I worked as a postpartum nurse during my internship. I worked on recovery, delivery as well as the postpartum unit where I took care of postpartum mums and newborns while they recovered. Preeclampsia, gestational diabetes, and late preterm babies. This journal, however, gives a reflective of the skills I garnered during my first practice as a nurse where I was placed in the Postpartum Unit under the supervision of my mentor. During this time, I was tasked as well as assigned duties such as assessing the vital signs, educating new mums and helping them with breastfeeding, medications.
On my first day of clinical placement, I was excited, and it was nerve-wracking at the same time. I had to wake up at 5.00 am. On this day, we had a bit of orientation with the clinical educator who was responsible for our placement as well as assessment. He gave us templates that had the hospital mission, vision as well as the organizational culture of the nurse in that hospital. The mission of the hospital was to provide quality treatment for all.
Furthermore, the templates had various leaders and their responsibilities in the nursing area that we had to report to in case of anything. All these leaders worked in collaboration. The clinical educator gave us the hierarchal procedure of how issues should be handled. The hospital was using a participative leadership style where the opinion of the staff is heard before any decision is made. He also mentioned that the field of nursing had undergone so many changes and as a nurse, it is good practice to learn how to adapt to those changes to be relevant. For instance, new leadership and new practice approach such evidence-based practice were being adopted. This technique facilitates transparency in leaders as well as employees.
Once this was done, we all went to our respective ward where we are assigned a “buddy” who is one of the registered nurse working in the hospital. She explained everything in details without me necessarily having to ask many questions right from medication, how the machines are operated, and the procedures. I followed my buddy the whole day, which is practically running the whole day since nurses are constantly on the move. She was kind enough to explain to me how to manage time using the Urgency Chart. With this, activities are divided in accordance with their priority. This week our hours were from 7.00 am to 3.30 pm which is extremely tiring but passes really quickly, and so the chart came in handy. By the end of the week, my time management skills were in control.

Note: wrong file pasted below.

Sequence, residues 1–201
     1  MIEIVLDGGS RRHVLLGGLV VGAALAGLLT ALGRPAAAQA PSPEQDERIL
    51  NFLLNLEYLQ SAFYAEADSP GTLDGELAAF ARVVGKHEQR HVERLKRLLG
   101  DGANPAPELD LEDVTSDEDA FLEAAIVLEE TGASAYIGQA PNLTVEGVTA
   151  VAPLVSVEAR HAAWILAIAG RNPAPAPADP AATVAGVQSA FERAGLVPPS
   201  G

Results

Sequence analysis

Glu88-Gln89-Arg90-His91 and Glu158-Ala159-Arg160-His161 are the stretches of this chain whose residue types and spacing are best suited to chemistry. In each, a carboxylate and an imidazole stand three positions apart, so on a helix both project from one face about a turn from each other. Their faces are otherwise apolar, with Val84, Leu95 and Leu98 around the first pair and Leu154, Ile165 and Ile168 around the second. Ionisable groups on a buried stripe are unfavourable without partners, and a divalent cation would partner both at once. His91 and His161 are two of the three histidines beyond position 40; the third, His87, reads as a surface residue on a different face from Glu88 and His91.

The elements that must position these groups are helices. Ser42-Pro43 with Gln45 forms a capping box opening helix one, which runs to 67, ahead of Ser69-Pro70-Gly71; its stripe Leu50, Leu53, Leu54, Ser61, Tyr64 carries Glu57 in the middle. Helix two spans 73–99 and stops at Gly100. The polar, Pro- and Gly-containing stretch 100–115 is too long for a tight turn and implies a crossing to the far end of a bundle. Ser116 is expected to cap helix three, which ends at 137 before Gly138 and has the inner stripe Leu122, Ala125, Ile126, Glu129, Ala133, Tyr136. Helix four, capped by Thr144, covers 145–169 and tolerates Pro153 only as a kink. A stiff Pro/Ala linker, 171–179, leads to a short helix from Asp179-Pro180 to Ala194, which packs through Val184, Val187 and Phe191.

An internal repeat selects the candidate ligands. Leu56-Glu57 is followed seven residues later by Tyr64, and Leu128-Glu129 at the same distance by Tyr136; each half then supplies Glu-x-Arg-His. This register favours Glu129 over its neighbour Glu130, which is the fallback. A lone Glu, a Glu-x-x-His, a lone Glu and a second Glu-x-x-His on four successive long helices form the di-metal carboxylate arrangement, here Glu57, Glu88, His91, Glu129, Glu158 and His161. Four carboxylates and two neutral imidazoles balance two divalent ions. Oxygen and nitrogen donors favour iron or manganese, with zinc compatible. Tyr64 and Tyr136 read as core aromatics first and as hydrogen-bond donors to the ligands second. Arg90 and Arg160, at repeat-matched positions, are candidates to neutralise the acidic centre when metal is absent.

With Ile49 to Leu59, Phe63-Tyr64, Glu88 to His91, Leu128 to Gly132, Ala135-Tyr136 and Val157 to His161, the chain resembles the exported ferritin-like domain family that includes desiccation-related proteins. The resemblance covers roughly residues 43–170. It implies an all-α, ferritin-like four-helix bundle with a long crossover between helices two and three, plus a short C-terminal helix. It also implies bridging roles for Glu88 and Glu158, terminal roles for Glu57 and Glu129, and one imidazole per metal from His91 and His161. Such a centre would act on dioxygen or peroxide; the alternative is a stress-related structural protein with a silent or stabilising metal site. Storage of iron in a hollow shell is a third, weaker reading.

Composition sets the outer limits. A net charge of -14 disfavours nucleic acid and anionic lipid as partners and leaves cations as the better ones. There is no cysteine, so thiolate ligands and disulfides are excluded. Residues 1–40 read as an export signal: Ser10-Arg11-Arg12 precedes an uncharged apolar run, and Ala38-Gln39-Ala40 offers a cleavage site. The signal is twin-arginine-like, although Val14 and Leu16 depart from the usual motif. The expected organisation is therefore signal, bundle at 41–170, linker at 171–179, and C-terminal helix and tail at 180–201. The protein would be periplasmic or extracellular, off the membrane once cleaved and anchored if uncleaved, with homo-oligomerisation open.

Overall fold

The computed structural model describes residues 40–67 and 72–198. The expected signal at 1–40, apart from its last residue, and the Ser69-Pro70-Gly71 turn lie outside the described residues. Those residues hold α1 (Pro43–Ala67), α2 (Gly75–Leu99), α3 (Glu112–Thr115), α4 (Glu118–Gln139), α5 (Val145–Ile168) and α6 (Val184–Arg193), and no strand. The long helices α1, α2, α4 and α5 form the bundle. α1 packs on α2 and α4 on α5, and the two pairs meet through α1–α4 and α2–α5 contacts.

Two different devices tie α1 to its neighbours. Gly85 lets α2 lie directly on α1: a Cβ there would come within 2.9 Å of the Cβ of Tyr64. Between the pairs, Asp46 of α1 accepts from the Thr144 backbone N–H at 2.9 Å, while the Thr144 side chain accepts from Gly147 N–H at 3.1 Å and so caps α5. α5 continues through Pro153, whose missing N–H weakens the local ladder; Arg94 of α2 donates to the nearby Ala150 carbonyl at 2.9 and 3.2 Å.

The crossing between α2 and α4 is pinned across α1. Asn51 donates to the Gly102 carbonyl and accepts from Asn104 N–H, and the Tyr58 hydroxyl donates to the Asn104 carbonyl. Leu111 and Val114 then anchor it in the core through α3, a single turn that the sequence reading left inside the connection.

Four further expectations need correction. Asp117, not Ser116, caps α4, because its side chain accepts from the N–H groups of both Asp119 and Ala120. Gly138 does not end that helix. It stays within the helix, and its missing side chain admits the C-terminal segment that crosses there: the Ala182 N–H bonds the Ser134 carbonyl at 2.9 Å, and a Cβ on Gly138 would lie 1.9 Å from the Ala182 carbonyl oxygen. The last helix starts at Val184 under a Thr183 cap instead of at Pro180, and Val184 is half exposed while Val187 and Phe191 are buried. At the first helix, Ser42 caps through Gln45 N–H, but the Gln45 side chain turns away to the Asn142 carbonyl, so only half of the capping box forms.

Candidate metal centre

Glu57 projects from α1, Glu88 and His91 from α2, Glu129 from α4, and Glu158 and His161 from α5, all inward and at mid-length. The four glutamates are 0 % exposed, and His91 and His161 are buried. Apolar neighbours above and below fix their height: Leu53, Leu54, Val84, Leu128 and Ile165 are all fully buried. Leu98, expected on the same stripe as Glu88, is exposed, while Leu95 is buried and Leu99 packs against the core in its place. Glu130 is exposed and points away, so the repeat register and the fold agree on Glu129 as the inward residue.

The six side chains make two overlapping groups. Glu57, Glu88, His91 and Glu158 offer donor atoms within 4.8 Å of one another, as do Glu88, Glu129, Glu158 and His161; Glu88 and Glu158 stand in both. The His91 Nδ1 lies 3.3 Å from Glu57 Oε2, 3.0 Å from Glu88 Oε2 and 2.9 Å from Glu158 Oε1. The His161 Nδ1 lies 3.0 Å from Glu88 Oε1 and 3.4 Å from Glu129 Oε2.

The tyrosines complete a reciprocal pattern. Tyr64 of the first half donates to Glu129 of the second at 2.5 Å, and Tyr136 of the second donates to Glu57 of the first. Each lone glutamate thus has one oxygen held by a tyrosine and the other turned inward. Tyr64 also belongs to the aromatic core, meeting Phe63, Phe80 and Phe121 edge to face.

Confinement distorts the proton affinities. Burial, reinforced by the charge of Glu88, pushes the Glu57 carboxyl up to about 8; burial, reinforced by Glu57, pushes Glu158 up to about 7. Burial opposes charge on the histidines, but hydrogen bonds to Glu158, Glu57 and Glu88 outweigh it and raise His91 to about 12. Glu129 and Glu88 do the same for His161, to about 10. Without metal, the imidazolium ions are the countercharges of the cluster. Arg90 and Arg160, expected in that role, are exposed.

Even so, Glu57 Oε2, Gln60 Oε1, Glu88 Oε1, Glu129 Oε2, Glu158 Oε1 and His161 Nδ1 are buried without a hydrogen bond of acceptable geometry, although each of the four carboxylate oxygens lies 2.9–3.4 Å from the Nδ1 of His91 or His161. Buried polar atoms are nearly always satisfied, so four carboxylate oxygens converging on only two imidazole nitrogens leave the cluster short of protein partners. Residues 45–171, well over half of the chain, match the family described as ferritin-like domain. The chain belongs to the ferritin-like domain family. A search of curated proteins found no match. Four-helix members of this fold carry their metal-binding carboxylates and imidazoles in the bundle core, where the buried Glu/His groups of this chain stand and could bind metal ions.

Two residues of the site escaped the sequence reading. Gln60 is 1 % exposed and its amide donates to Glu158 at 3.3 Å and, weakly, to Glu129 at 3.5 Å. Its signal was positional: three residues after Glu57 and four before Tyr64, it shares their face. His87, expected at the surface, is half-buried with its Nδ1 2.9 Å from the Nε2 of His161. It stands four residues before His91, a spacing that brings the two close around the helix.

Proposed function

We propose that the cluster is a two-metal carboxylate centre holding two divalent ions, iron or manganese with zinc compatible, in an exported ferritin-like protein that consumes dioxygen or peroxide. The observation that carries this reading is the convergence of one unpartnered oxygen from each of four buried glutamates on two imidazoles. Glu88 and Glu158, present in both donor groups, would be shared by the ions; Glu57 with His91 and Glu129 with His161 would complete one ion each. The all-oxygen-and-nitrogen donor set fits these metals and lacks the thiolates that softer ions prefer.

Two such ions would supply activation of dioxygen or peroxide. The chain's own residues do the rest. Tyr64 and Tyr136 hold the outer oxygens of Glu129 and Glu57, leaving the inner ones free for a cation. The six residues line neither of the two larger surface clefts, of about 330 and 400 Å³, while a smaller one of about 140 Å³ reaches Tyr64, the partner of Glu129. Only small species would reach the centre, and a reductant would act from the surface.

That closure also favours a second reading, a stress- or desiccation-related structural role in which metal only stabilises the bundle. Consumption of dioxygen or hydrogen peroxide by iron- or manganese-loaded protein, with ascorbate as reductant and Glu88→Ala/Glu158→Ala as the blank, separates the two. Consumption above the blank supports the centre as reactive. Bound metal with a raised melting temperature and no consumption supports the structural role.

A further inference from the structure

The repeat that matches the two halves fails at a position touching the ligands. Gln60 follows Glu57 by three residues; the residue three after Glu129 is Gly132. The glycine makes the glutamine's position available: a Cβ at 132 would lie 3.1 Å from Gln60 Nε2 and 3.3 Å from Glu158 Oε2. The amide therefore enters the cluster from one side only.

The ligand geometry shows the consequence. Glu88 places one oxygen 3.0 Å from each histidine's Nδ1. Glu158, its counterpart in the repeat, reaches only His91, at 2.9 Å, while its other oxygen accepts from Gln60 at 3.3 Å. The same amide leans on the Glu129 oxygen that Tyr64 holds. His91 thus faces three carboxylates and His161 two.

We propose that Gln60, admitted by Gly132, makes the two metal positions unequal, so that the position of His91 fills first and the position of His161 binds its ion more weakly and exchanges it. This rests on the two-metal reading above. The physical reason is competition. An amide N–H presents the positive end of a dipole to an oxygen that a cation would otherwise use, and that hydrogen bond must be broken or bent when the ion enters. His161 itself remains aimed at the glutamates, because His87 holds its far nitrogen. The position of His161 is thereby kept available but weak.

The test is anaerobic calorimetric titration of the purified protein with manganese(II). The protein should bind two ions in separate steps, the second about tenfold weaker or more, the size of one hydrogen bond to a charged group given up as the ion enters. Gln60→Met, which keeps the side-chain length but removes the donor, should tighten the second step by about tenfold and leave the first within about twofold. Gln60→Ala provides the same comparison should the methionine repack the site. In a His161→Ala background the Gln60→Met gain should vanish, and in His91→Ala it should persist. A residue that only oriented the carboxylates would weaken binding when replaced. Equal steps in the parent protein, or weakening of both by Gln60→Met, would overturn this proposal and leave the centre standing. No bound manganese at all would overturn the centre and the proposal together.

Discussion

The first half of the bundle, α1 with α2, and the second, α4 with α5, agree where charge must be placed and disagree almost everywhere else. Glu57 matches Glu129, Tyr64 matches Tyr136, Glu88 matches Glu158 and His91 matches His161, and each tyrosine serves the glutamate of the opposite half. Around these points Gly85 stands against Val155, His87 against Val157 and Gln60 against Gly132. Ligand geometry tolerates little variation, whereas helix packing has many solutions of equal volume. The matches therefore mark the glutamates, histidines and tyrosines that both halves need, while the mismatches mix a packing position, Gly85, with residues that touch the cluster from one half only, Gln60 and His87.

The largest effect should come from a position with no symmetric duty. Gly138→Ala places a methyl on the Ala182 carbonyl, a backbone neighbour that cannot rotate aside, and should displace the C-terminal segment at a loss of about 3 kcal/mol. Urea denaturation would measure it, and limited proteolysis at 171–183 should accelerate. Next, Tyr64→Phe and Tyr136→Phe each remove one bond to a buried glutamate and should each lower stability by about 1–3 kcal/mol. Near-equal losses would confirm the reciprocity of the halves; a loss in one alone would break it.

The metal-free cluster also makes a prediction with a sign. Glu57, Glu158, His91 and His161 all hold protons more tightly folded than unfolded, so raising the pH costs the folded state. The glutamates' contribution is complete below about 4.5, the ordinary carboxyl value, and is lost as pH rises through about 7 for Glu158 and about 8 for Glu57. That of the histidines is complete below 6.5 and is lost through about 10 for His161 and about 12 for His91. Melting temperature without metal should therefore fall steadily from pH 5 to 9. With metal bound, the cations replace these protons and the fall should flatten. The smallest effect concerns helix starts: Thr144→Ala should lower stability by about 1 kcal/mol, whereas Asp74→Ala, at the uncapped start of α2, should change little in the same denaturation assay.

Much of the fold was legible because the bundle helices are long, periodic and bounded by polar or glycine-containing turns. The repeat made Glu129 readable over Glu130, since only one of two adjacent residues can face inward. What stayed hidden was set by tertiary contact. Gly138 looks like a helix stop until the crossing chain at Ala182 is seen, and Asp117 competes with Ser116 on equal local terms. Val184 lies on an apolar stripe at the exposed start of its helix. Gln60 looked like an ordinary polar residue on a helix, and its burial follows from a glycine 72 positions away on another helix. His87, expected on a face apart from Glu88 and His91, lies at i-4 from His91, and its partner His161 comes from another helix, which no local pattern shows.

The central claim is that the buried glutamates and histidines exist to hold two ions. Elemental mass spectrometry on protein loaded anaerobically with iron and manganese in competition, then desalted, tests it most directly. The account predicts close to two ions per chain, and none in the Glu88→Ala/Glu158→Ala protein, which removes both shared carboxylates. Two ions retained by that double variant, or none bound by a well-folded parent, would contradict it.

I later gained and comprehended the day to day terminologies used in the postpartum workplace. Later that week, I practiced talking to the patients without spewing out medical terminologies that we are taught in class.
Health care is more often than not multifaceted for one professional to achieve. One issue may require input from experts from different fields. We were taught by our clinical educator that nurses cannot function alone. While working in this hospital, the interprofessional collaboration between nurses, bereaving counselors, physicians, social workers, chaplains, dieticians as well as pharmacists was amicable, and all were able to interact and associate with each other at a professional level.
Additionally, we learnt that nurses go through a lot of ethical challenges and it is significant to understand the ethical climate. Such issues can be maintained by consulting the ethical experts. Furthermore, patient information privacy was vital in accordance with the HIPAA law, and any violation could lead to a lot of consequences. Additionally, in accordance with health policy, patient safety was the top core of the medical institution, and the institution put a lot of emphasis on the simple procedures such as hand hygiene before handling the patient. I recall being reminded of the significance of putting the safety of the patient first.
As much as the lecturer always emphasized that nursing was a practice field, I never knew how much involving it was. First of all, I had to throw away my textbook knowledge and my perspective on what it entailed to be a nurse
New ideas are evolved to make the childbirth process safe, easy as well as painless. Devices such as Doppler ultrasound, wireless telemetry monitors are used to detect a heartbeat. Smart pumps are used to administer oxytocin. Technology will continue to make a difference. Watching a new life come to earth was an unforgettable experience that I promised never to forget. Amidst all this excitement, I was frightened and intimidated. My first of six rotations on the obstetrics (OB) floor, I was pleasantly and shockingly surprised at how much I had fun at my first shift in the newborn nursery unit. I connected to them and went to labor. I Gave the first baby his birth and the other his first round of hepatitis B vaccine (Kronenfeld, 2009). I experienced my first C-section birth which was scheduled, and I was shocked at how all the physicians worked together cooperatively. They sew back the woman`s uterus, and by noon, she was good to go. I later experienced a vaginal delivery. Trust me, the entire shift was remarkable. Working under pressure was a thing that always challenged me, but with time, I managed to bit the odds. I recall being reminded not to forget the 24-hour newborn screening.
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